In 2013, Manassero won the biggest tournament of his career, the BMW PGA Championship, with a birdie at the fourth extra hole of a playoff against Simon Khan and Marc Warren, becoming the youngest-ever winner of this tournament. With the win Manassero gained the right to play in the 2013 US Open and entered the top 30 of the world rankings. He also managed to further improve his final Order of Merit position with an 11th place. Then it all began to go wrong. He managed just one top-10 finish in 2014 and missed 16 cuts in 2015. He eventually lost his playing privileges on the DP World Tour but won twice on the Challenge Tour in 2023 to regain his card. And he is certain to be inspired by playing in front of a home crowd.

There will be a new champion this week. Twelve months ago Adrian Meronk won the Italian Open at Marco Simone Golf Club, which went on to host the Ryder Cup. He believed that his success in Italy was going to help him secure a spot on Luke Donald’s European team. 

However, Donald chose to give the nod to young sensation Ludvig Aberg. It turned out to be an inspirational move, but it left a foul taste in Meronk’s mouth and may have been instrumental in his decision to defect to LIV Golf. The Pole kept his composure to hold off French duo Romain Langasque and Julien Guerrier at Marco Simone Golf & Country club to win by one shot.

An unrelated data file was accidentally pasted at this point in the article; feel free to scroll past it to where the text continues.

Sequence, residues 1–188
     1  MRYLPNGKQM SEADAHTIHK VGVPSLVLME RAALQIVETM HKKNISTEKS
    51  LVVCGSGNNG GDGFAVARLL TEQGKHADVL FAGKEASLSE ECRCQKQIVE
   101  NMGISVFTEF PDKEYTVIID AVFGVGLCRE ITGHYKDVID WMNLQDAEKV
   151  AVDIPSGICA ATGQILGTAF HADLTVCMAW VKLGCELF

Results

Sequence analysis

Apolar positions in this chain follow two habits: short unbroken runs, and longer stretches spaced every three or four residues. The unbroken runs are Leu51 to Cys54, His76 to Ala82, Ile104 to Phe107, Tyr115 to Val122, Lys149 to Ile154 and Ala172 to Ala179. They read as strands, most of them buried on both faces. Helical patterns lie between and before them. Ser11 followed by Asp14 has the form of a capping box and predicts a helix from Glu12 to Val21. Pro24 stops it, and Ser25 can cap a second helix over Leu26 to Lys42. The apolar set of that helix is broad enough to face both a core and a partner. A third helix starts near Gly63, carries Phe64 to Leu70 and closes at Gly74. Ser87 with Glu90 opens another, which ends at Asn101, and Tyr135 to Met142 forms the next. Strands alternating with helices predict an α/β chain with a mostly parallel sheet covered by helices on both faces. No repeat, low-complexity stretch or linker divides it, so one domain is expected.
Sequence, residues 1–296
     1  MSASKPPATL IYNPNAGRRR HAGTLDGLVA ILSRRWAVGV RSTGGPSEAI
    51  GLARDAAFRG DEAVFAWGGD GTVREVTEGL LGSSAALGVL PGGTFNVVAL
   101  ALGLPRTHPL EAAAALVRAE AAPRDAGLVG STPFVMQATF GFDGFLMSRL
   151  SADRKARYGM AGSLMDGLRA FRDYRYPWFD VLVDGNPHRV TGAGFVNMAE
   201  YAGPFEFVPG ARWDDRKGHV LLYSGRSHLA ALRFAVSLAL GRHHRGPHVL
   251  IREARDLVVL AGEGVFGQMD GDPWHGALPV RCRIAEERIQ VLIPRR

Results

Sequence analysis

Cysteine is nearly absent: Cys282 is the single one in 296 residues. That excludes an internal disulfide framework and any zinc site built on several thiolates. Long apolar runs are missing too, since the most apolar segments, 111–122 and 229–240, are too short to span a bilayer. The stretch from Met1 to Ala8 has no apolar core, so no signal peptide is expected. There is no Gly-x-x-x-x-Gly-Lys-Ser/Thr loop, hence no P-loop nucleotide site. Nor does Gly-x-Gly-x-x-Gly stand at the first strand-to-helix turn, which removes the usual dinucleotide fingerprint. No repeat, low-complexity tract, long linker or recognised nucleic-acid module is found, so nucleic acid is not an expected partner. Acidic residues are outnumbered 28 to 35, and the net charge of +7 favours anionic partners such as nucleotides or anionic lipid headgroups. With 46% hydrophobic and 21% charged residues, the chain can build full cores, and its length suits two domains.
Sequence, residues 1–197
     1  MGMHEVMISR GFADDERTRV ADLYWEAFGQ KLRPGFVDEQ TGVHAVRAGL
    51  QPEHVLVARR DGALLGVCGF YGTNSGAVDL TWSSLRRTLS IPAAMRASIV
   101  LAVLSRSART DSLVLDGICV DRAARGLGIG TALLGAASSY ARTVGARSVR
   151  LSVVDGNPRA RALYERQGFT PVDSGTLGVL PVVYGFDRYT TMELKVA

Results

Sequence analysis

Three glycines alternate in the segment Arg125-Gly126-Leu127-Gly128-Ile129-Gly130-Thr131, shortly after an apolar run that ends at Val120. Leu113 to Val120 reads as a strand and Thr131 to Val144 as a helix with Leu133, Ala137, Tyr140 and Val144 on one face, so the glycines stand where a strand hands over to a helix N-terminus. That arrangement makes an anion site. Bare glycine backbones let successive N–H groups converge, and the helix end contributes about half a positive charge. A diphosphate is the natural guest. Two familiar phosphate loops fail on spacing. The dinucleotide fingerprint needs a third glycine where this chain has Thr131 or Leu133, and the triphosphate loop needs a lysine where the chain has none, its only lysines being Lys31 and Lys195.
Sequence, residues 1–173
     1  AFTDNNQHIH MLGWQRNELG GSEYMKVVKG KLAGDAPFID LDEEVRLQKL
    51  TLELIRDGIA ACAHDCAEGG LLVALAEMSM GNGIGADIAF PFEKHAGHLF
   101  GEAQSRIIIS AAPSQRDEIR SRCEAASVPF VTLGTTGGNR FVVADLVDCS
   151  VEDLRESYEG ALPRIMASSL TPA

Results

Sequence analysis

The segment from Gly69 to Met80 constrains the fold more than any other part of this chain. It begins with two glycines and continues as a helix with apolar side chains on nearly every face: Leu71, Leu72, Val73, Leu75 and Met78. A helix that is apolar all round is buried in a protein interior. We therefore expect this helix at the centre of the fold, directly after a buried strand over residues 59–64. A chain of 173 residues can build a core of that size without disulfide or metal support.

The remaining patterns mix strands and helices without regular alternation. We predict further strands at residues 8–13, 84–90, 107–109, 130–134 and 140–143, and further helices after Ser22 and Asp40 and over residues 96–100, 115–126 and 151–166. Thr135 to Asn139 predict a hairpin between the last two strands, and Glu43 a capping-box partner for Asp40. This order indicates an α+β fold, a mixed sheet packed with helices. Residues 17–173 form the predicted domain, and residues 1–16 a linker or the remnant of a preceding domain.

Tournament Winners:

It was won in 2015 by Rikard Karlberg, in 2016 by Francesco Molinari, in 2017 by Tyrrell Hatton, in 2018 by Thorbjorn Olesen, in 2019 by Bernd Wiesberger, in 2020 by Ross McGowan, in 2021 by Nicolai Hojgaard, in 2022 by Robert MacIntyre and last year by Adrian Meronk.

The Course:

Adriatic Golf Club is a par 70 measuring 6,950 yards. It meanders through tree-lined fairways. There is a lot of water and some fabulous bunkering. The weather is certain to be glorious and you can expect to see some low scoring.

Form Guide:

Apart from his win in South Africa this year, Matteo Manassero has also recorded a tied fifth at the South African Open and Indian Open and was 13th at the Soudal Open. He will love playing in front of an enthusiastic home gallery.

To Win:

Matteo Manassero. Should be inspired

Each Way:

Guido Migliozzi. Will go for everything

Each Way:

Tom McKibbin. Does everything well

Five to Follow:

Matteo Manassero. Just about back to his very best

Guido Migliozzi. On his day can beat anybody

Tom McKibbin. Terrific iron player

Ewen Ferguson. Overdue another big week

Rikuya Hoshino. Hugely gifted

Five Outsiders to Watch:

Shubhankar Sharma. Trying to recapture past glories

Marcus Armitage. Can go very low

Scott Jamieson. You never know what you are going to get

Andrew Johnston. At peace with himself

Bernd Wiesberger. Trying to rediscover his putting touch

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Tags: Golf Previews european tour dp world tour